Dr Avinash Aithal, Open Networks Technical Lead at Energy Networks Association, provides the latest updates on flexibility including a newly published explainer and Q&A on Flexible Connections.
I’ve been part of the Open Networks team at Energy Networks Association (ENA) since April and have been impressed with what the team have achieved alongside Britain’s electricity distribution networks so far this year.
In addition to taking further steps in improving transparency, removing barriers and simplifying participation, we recently revealed record levels of local flexibility have been contracted – with an impressive 1.6GW contracted since the beginning of 2021 to date. This is an uplift of 45% since 2020, when 1.1GW was contracted for the whole year.
This announcement comes at a time when flexibility is at the forefront of industry’s mind. Not only is it a key aspect of delivering a green recovery as it enables us to meet Britain’s targets for the widescale roll out of electric vehicles (EVs) and heat-pumps, but new figures from Government's Smart Systems and Flexibility Plan – which ENA welcomed – show that flexibility could also reduce annual energy system costs by £10bn a year by 2050 while also creating 24,000 ‘green collar’ jobs.
However, there is still plenty of room for growth and we are not resting on our laurels. Networks, Ofgem and Government are working together to increase the amount of flexibility in the energy system of the future and Open Networks is welcoming responses to a wide-reaching consultation on flexibility from the energy industry and beyond on how the project can further drive standardisation in local energy markets right across the country. The consultation is open until 24 September 2021, and industry viewpoints are vital in bringing the energy system closer to the people it serves.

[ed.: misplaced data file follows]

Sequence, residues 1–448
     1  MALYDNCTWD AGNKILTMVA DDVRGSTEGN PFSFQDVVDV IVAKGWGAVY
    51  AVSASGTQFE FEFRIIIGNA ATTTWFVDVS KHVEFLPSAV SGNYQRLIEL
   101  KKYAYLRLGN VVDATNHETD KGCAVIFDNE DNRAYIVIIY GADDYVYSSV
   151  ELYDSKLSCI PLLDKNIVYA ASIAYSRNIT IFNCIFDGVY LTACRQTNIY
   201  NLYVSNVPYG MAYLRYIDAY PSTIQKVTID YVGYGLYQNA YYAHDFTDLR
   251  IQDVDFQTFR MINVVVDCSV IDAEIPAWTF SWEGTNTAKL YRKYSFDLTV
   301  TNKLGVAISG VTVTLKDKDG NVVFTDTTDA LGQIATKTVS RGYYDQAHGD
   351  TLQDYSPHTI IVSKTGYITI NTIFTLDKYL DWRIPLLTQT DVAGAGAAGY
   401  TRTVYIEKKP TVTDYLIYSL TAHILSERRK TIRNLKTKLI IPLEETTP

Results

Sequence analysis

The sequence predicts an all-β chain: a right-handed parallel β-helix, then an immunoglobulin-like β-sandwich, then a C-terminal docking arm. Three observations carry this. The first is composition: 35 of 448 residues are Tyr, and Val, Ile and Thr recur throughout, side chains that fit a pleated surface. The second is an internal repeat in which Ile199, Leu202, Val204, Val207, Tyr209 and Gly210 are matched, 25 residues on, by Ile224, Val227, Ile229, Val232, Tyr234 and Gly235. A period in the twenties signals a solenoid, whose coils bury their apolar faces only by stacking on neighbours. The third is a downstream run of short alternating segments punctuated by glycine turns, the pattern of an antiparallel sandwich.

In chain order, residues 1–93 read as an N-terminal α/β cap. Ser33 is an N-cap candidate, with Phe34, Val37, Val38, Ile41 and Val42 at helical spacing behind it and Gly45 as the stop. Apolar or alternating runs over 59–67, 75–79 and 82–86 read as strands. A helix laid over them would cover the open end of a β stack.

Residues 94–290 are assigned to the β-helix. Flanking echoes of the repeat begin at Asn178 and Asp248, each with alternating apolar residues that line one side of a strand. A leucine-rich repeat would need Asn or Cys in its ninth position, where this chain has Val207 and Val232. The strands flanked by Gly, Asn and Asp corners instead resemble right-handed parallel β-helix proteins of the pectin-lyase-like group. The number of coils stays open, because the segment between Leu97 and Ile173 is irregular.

We have a number of ways that we are working with industry and wider stakeholders during the consultation period to encourage engagement, including hosting online events such as a webinars and panel sessions and developing supportive documents to aid in shaping a response.
This includes a new paper which explains Flexible Connections and provides information including:
- What are the different types of Flexible Connections?
- What are the factors that influence Curtailment?
- What is the difference between Flexible Connection and Flexible service?
- Can Flexible Connections contracts be moved to a Standard Connection?
Intended for customers who have flexible connections, are considering flexible connections or have a general awareness of Active Network Management (ANM) but would like to understand more; the paper’s aim is to assist stakeholders in further understanding these areas as they are a key part of our consultation and also Ofgem’s Access and Forward-looking Charges Significant Code Review - Consultation on Minded to Positions.
As always, this content is available to everyone and feel free to contact the project team on firstname.lastname@example.org should you have any questions/thoughts at all.
Notes to editor
This article first featured on Current News.
About Energy Networks Association
Energy Networks Association (ENA) is the industry body representing the electricity wires, gas pipes and energy system in the UK and Ireland.
ENA helps its members meet the challenge of delivering electricity and gas to communities across the UK and Ireland safely, sustainably and reliably.
Its members include every major electricity and gas network operator in the UK and Ireland, independent operators, National Grid ESO which operates the electricity system in Great Britain and National Grid Gas which operates the gas system in Great Britain. Its affiliate membership also includes companies with an interest in energy, including Heathrow Airport and Network Rail.
What are energy network operators?
Energy network operators manage and maintain the wires, pipes and other infrastructure which delivers electricity and gas to your home, business and community. They are private companies which are regulated by Ofgem and employ around 40,000 people in Great Britain.